MD: I used to shoot in black and white film as well, so it’s not like, “oh this photo isn’t good on its own, I’m just going to hit the black and white button.” I don’t do the desaturate on Photoshop, you know? I do manual adjustments to choose how the black and white looks. If it were in a dark room I would choose how it looked: do I want it really contrasty, or do I want the subtle grey shades?
But I think this idea that was brought up very well by Community; it’s great that there’s an access to photography for everyone now, especially because, like I mentioned, my dad had to give up photography for family. Basically it’s that the access is there but people misuse it. You can pick up a Digital SLR and use it for high quality photos, but people think that they should just put it on auto, don’t take it off auto, click it around and then hit the black and white button.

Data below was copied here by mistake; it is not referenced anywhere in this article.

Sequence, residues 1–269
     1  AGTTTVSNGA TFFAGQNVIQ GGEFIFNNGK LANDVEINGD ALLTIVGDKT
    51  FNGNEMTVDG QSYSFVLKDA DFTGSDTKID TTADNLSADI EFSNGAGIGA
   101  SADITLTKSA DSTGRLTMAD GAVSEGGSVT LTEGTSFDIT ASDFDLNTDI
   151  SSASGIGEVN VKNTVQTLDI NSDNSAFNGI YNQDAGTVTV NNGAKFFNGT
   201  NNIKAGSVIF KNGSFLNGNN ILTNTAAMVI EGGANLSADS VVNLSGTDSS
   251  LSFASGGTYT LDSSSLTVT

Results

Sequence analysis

Then you have the issue that started with Facebook and Picnik, or whatever that was called. I remember doing a photo shoot, because I used to do weddings and things, and somebody took my family portraits and Picniked them, and I was so offended, so offended. And then there’s the Instagram thing. It’s amazing that the iPhone has the camera that it has but it’s become, “let’s just instagram this and make it hip and retro.” You can tell that it’s more of a gimmicky thing because Facebook bought it.

LA: They did, and for a billion dollars! When it makes no money. What a symbol of its reach.